This has prompted heated debates about how to handle the problem without feeding into the tensions that pervade in Bosnian politics. Of particular concern is the possibility that decisions about security will be coloured by ethno-politics.

May the Force Be With You: Britain’s New Government

Written by Tim Haughton.

For once the journalistic clichés were not over the top. The 23 June referendum on Britain’s membership of the European Union was a seismic event, an earthquake which brought a dose of destruction to the British political scene: the Prime Minister resigned, allies knifed each other in the Conservative party leadership election, a new Prime Minister was appointed who then undertook one of the most extensive cabinet reshuffles of modern times with some eye-catching appointments and the leader of the Opposition lost a no confidence vote of his parliamentary colleagues. Even caffeine-fuelled journalists found it difficult to keep up with the speed of events.

Like all earthquakes tensions had been building for some time. Divisions in the Conservative party had been evident since the UK first applied to join the then European Economic Community in the 1960s, but since the late 1980s the party had begun to tear itself apart over Britain’s continuing membership of the EU. Whilst a sizeable slice of the Leave vote in the referendum came from traditional Conservative voters in the heartlands of rural England, the Leave side was bolstered by disaffected Labour voters. Both groups were mobilized and emboldened by Leave’s alluring slogan to ‘Take Back Control’. A significant proportion of traditional working class Labour voters, many of whom had stayed at home in previous elections or who had cast their votes for UKIP, used their votes to express their discontent with the state of the government and to give the political class a good kicking.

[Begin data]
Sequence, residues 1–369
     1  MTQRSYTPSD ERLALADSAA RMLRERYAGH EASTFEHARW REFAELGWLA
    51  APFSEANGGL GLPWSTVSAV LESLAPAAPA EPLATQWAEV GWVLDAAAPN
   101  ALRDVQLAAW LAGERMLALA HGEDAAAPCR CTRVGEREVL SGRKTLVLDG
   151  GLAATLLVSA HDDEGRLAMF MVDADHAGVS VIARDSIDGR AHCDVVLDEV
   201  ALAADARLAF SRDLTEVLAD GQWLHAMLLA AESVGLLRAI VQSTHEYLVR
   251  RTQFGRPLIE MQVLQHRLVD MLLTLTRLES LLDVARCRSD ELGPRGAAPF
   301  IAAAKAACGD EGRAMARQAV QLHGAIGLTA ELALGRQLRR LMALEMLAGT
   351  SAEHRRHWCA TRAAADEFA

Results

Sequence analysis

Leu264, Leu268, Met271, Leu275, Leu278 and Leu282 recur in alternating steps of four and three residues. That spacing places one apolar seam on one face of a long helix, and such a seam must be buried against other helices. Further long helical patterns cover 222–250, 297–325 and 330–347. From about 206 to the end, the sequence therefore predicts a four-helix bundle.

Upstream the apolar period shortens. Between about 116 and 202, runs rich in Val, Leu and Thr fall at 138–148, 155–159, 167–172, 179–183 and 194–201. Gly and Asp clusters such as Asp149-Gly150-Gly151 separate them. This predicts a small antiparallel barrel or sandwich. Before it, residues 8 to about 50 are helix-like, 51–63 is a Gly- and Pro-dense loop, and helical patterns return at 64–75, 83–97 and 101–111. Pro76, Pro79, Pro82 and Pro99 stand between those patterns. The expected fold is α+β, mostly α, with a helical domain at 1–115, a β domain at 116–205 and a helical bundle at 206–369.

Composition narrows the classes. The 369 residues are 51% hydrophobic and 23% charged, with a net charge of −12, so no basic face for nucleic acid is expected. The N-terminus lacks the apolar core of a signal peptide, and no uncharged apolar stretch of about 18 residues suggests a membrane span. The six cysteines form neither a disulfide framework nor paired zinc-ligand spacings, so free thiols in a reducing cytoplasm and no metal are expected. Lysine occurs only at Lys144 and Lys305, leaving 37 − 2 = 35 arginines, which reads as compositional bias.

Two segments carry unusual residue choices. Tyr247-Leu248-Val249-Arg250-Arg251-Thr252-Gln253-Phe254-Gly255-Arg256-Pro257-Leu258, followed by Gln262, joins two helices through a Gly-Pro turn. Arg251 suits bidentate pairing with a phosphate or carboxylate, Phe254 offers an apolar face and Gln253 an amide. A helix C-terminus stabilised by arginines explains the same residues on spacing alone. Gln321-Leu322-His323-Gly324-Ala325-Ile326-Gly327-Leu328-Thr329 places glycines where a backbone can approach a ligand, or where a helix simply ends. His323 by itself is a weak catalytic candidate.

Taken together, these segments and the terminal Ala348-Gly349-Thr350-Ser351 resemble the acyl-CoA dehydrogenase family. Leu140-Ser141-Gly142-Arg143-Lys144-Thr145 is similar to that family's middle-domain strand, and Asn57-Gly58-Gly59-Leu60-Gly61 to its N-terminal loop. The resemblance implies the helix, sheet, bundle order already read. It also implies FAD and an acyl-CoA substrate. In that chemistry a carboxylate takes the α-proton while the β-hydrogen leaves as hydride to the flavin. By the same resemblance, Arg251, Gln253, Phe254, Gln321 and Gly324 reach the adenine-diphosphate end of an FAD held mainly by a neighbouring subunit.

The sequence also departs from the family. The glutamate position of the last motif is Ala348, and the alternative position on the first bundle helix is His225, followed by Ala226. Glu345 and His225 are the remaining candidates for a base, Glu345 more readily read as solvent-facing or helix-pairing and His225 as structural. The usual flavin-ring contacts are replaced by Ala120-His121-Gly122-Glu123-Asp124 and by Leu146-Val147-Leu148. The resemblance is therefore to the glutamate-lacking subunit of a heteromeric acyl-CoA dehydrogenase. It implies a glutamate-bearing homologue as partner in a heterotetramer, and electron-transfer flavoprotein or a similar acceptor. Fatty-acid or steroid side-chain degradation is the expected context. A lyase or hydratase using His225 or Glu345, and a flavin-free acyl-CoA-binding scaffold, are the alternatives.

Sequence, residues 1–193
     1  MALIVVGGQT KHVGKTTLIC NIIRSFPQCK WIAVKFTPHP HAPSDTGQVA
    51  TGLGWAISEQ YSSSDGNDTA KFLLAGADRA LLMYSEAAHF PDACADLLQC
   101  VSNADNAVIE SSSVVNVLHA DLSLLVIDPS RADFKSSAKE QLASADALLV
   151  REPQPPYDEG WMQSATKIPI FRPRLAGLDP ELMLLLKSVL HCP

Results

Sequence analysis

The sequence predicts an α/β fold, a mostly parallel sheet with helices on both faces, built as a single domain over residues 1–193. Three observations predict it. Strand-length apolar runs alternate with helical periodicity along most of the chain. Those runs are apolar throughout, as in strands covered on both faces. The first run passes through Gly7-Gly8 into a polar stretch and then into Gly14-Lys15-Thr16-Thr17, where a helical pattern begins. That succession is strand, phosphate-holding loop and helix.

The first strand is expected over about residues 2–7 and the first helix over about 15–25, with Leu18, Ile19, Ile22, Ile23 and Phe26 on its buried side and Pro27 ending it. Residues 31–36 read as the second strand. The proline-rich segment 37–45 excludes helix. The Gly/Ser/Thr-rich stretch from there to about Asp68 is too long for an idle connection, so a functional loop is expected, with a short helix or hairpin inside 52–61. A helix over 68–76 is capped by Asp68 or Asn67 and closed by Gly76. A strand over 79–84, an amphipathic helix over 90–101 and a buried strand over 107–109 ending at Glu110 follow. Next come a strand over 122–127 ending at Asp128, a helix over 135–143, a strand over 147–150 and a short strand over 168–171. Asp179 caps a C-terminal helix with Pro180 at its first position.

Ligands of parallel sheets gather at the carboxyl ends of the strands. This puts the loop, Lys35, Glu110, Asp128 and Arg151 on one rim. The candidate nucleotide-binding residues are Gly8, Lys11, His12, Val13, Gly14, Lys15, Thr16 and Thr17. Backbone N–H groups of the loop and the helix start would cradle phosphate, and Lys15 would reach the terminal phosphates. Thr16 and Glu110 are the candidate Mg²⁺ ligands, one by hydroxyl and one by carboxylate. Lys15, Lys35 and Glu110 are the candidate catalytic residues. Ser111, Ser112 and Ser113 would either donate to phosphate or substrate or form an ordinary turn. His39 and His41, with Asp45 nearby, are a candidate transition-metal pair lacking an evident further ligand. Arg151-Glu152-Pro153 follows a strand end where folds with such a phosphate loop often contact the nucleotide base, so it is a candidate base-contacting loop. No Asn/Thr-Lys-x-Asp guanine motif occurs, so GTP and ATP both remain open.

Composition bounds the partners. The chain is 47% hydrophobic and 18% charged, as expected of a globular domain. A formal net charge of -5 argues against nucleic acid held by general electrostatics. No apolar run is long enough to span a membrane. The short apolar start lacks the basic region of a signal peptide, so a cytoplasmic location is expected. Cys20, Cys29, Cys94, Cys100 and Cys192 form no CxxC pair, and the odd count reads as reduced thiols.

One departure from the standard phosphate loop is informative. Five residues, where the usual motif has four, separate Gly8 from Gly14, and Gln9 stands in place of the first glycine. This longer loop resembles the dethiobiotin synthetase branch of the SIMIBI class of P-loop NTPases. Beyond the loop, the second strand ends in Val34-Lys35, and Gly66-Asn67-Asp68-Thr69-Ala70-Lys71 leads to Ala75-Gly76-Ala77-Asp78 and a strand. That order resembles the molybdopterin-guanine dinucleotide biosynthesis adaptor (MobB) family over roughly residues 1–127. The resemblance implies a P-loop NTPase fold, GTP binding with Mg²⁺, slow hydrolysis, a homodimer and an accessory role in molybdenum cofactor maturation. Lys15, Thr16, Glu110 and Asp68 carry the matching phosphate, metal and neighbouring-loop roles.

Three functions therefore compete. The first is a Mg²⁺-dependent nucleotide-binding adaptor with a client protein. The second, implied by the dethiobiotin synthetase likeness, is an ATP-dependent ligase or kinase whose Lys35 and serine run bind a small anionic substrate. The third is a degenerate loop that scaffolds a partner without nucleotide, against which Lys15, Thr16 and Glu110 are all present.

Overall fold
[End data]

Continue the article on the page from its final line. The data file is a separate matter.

Six months after its last election, Spain is having another. Here’s what you need to know.

Written by Fernando Casal Bértoa.

Spaniards head to the polls again on June 26 — just six months after the last elections. Here’s why: As predicted here in the Monkey Cage, the four main parties — the conservative PP, the socialist PSOE, the liberal Ciudadanos and the radical-left Podemos — failed to come together to form a government, even though some of them (mainly PSOE and Ciudadanos) certainly tried. Since the parties weren’t able to form a coalition government, Spain will hold a new election.

Michael Gove – not Boris Johnson – is the real contender for next Tory leader

Written by Mark Stuart.

Britain’s “Thatcherites” are an incredibly cohesive bunch. To the despair of historians, they do not write things down. Tory politicians prefer to eschew laborious meetings and minutes in favour of informal dining clubs at which future strategy is debated and plotted. Theirs is a close network of friendships.

This informal club is committed to keeping the Thatcherite flame alive, promoting the beliefs of its hero, Margaret Hilda Thatcher. Rightly or wrongly, given Thatcher’s cautious approach to Europe, securing Britain’s departure from the EU is regarded by the vast majority of Thatcherites as furthering one of her greatest aims. Mere ministerial careers may have to be sacrificed to achieve this goal.

Britain could become a global power – if it stays in the EU

Written by Mark Walters.

Even after weeks of campaigning, both sides of the referendum campaign have focused entirely on the short-term impacts of the debate. But the question really has to be where Britain will be in ten or 20 years from now.

And the future looks bright for Britain. It is actually on the brink of becoming the most powerful nation on the planet. But it has to remain in the EU to realise the ambition.

Before Brexit looked like a real possibility, the Centre for Economics and Business Researchpredicted that the British economy would overtake Germany’s as the largest in Europe by the 2030s.

The Referendum Result: We’ve Got It Now!

Written by Christopher Pierson.

Britain remains in the grip of referendum fever with each side producing more and more frightening images of the Armageddon that awaits us on the other side of 23rd June if we make the wrong choice.

Meanwhile, the Swiss (who are more used to this kind of thing) had a series of referenda last weekend, including one on the introduction of a guaranteed basic income for every Swiss citizen.  A guaranteed basic income is a payment made regularly to all citizens solely on the basis of their citizenship and paid to them irrespective of their working status, their income or indeed any other non-citizenship characteristic.   The idea (amongst it supporters) is not to provide a ‚minimum‘ payment (a floor beneath which no-one should be allowed to fall) but rather to support the maximum sustainable payment (consistent with other economic imperatives). The sum provisionally suggested for payment in Switzerland was CHF2,500 (about £1,765) per month.